Videodrome: Body Horror, Masochism, Insanity, and Unreliable Narration
David Cronenberg’s 1982 film Videodrome takes ideas of cyborg figures and subversive identification with disabled characters into rather different territory. The film tells of Max Renn, the programmer of a pirate exploitation TV channel, who stumbles across a mysterious TV signal called “Videodrome,” which shows women being tortured and killed. As he investigates Videodrome, Max learns from a renegade media theorist that viewing the signal is changing him physically, causing a brain tumor that results in bizarre hallucinations. Max finally cannot tell these hallucinations from reality; meanwhile, a sinister corporation persecutes him and he finally kills himself in a messianic move to become reborn as “the new flesh.”
Part art film, part science-fiction/horror, and partly financed by a Hollywood studio but with a solid following among cult and academic audiences, Videodrome is a solid example of a fantastic film in the unreliable narrational mode (for a fuller examination of these films and their narrative devices, see Church, 2006) that has proliferated increasingly over the last decade or so. Straddling both mainstream and art-house acceptance, these films are typically cross-generic hybrids that blend traits of art film narration and classical Hollywood narration to produce marked narratological effects. All of these films share fragmented narratives that are focalized through extreme subjective devices (like dreams, memories, and psychosis) that only become known to the spectator (often through a reality-changing “twist”) at the end of the film (if at all), finally either providing audiences with clues to reconstruct the shattered plotline or leaving the narrative entirely open-ended and up to personal interpretation. As in Videodrome, the lines between objective normative reality and subjective mental states are blurred indistinguishably in unreliable narrative films, leaving gaps and a lack of closure in the narrative that must be actively filled by the perceiving spectator based upon a carefully controlled stream of cues emanating from the consciously deceptive text. Other examples of these films include Fight Club (David Fincher, 1999), The Sixth Sense (M. Night Shyamalan, 1999), Memento (Christopher Nolan, 2001), Mulholland Drive (David Lynch, 2001), Jacob’s Ladder (Adrian Lyne, 1990), and Solaris (Andrei Tarkovsky, 1972). Other Cronenberg films to use unreliable narration include Naked Lunch (1991), eXistenZ (1999), and Spider (2001).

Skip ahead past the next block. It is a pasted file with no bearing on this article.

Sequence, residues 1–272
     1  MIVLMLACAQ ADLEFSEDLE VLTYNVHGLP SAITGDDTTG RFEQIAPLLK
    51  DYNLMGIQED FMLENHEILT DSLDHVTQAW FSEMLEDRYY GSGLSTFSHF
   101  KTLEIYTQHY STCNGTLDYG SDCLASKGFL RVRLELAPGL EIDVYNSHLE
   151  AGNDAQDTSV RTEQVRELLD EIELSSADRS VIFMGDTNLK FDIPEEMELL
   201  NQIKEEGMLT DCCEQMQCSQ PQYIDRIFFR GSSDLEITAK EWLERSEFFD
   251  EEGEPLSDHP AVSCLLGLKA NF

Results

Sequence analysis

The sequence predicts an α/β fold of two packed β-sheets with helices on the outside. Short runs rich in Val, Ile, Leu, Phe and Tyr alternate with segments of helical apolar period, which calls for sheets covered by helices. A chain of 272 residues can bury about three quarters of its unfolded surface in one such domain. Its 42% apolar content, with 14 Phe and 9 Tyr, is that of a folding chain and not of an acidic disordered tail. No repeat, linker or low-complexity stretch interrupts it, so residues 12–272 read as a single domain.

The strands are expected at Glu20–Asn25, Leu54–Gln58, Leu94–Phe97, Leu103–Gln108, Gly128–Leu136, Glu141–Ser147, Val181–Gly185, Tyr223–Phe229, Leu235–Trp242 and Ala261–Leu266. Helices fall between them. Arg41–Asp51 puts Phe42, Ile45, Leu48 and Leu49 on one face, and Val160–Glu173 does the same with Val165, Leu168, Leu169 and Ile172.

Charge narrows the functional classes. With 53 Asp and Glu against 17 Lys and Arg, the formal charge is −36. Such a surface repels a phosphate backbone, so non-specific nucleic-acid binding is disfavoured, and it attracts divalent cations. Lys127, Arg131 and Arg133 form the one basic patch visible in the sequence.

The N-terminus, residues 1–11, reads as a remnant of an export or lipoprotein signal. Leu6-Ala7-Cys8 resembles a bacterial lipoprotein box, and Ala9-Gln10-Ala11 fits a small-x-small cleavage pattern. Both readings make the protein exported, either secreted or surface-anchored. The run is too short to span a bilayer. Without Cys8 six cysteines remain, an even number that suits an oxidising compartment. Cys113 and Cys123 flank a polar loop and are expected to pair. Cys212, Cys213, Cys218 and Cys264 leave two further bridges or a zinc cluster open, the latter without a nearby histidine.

While these films may not necessarily be “fantastic” in a definitive sense (even if many of them belong within traditionally fantastic genres), they nevertheless produce effects synonymous with the melding of imagination and reality that denotes the fantastic. The substantial framing of diegetic reality through the subjective lens of mental processes—often exposed in a shocking moment of revelation that entirely subverts the normative nature of that previously believed diegetic reality—leads to an overall fantastic tone. Compare, for example, how many unreliable narrative films directly employ fantastic tropes in their subjective refiguration of reality through mental processes—as in the portrayal of protagonists slowly realizing their own crossing over into the afterlife in unreliable narratives like Jacob’s Ladder, The Sixth Sense, Carnival of Souls (Herk Harvey, 1962), Siesta (Mary Lambert, 1987), Abre Los Ojos (Alejandro Amenábar, 1998), and Stay (Marc Forster, 2005). Even films that would seem to demand the normative constraints of social realism, such as the award-winning biopic A Beautiful Mind (Ron Howard, 2001), become fantastically imbued once a narrative’s subjective framework is exposed and mental processes subvert the spectator’s sense of diegetic reality. The direct influence of the supernatural may not factor into unreliable narratives at all, but devices of extreme protagonist subjectivity strongly bordering on solipsism are all present: dreams (e.g., Mulholland Drive), flashbacks (e.g., Memento), and psychosis (e.g., A Beautiful Mind) are the most common devices employed.